Gastric reflux is a significant causative factor of tooth erosion

W. P. Holbrook, J. Furuholm, K. Gudmundsson, A. Theodórs, J. H. Meurman

Research output: Contribution to journalArticlepeer-review


Dental erosion is caused by dietary or gastric acid. This study aimed to examine the location and severity of tooth erosion with respect to causative factors, and to determine whether the clinical pattern of erosion reflected the dominant etiological factor. The study involved 249 Icelandic individuals and included: a detailed medical history; clinical oral examination; salivary sampling, and analysis for flow rate, pH, and buffering capacity. Reflux was assessed in 91 individuals by gastroscopy, esophageal manometry, and 24-hour esophageal-pH monitoring. Reflux symptoms were reported by 36.5% individuals. Manometry results were abnormal in 8% of study participants, abnormal esophageal pH in 17.7%, and a pathological 24-hour pH recording in 21.3%. 3.6% were positive for Helicobacter pylori. Normal salivary flow was found in 92%, but low salivary buffering (10.4%) was associated with erosion into dentin (P < 0.05). Significant associations were found between erosion and diagnosed reflux disease (OR 2.772; P < 0.005) and daily consumption of acidic drinks (OR 2.232; P < 0.005).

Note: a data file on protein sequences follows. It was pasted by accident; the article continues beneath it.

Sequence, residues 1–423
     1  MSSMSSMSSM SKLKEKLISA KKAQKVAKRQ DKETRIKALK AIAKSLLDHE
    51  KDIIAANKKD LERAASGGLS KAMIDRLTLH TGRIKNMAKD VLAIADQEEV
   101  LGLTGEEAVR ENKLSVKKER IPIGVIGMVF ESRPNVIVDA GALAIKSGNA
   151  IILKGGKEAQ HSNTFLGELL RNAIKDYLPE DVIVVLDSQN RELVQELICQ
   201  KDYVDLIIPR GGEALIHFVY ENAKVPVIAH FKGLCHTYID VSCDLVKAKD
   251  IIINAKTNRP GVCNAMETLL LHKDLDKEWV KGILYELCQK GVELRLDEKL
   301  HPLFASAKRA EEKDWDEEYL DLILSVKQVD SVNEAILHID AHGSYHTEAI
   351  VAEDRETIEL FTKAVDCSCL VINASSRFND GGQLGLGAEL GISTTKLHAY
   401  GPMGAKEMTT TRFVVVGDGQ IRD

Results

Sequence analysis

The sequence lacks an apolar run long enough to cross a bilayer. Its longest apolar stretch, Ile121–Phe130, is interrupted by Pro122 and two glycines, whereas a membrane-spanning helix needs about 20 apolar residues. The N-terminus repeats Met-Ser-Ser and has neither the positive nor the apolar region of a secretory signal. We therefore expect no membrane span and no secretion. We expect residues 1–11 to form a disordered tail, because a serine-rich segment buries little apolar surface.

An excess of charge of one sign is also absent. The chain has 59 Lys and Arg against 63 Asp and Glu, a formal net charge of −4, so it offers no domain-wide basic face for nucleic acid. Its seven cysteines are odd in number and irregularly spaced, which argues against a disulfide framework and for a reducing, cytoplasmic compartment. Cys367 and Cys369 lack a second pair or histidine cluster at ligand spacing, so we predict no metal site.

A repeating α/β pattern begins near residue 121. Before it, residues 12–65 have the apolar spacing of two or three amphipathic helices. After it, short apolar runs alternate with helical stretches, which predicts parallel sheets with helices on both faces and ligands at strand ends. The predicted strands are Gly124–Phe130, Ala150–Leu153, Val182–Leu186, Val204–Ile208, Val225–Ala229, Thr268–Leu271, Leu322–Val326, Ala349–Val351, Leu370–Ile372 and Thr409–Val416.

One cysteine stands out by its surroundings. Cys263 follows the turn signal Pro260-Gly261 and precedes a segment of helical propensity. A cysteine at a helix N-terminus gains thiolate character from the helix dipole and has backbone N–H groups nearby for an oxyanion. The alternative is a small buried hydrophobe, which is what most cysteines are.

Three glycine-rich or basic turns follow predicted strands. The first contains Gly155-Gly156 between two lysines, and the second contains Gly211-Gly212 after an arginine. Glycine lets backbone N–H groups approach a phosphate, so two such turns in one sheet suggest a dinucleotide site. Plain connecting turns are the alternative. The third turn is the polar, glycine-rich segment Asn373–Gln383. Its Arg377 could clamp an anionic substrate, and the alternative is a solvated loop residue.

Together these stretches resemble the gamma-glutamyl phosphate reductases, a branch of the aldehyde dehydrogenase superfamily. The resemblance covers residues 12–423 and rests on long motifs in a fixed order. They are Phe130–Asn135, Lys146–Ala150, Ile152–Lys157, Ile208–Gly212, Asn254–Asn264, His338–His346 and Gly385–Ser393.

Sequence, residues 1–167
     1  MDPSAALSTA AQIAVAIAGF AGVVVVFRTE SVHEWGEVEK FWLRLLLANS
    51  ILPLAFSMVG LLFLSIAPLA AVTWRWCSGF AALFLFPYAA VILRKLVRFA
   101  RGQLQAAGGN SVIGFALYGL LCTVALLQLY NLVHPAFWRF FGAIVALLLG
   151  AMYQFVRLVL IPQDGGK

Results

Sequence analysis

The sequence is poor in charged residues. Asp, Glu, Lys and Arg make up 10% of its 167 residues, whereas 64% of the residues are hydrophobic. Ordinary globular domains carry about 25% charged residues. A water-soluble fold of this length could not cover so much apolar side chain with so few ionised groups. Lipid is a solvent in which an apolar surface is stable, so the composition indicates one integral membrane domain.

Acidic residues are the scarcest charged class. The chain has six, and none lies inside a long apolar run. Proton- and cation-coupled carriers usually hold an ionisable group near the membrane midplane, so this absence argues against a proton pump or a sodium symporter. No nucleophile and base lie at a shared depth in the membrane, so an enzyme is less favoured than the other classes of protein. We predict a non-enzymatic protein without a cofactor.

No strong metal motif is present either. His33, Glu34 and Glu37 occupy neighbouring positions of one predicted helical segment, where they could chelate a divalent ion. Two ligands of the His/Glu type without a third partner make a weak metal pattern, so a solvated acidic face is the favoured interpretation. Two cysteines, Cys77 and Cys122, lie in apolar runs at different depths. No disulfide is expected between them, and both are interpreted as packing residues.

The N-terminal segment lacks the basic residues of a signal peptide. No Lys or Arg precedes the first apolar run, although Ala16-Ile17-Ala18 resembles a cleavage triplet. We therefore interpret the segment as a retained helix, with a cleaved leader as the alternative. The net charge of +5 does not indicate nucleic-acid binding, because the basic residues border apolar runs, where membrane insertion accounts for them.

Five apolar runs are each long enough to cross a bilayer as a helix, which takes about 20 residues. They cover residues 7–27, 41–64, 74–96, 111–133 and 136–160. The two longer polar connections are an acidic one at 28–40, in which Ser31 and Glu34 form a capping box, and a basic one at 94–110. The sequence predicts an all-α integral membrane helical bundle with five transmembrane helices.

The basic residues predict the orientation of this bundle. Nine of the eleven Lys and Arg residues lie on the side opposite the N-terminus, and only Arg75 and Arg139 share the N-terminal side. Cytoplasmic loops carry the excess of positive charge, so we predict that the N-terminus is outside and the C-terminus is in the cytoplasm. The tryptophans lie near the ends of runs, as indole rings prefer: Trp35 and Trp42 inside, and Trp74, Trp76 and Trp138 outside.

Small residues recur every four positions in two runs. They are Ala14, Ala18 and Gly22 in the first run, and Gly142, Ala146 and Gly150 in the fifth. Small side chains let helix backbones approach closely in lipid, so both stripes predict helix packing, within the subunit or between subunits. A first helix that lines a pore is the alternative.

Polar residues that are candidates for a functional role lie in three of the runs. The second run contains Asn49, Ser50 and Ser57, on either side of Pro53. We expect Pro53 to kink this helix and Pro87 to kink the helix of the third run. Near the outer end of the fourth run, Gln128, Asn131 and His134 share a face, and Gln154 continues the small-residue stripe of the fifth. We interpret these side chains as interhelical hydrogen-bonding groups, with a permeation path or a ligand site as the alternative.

Original languageEnglish
Pages (from-to)422-426
Number of pages5
JournalJournal of Dental Research
Issue number5
Publication statusPublished - 1 May 2009

Other keywords

  • Dental erosion
  • Gastro-esophageal reflux
  • Location
  • Risk factors
  • Saliva


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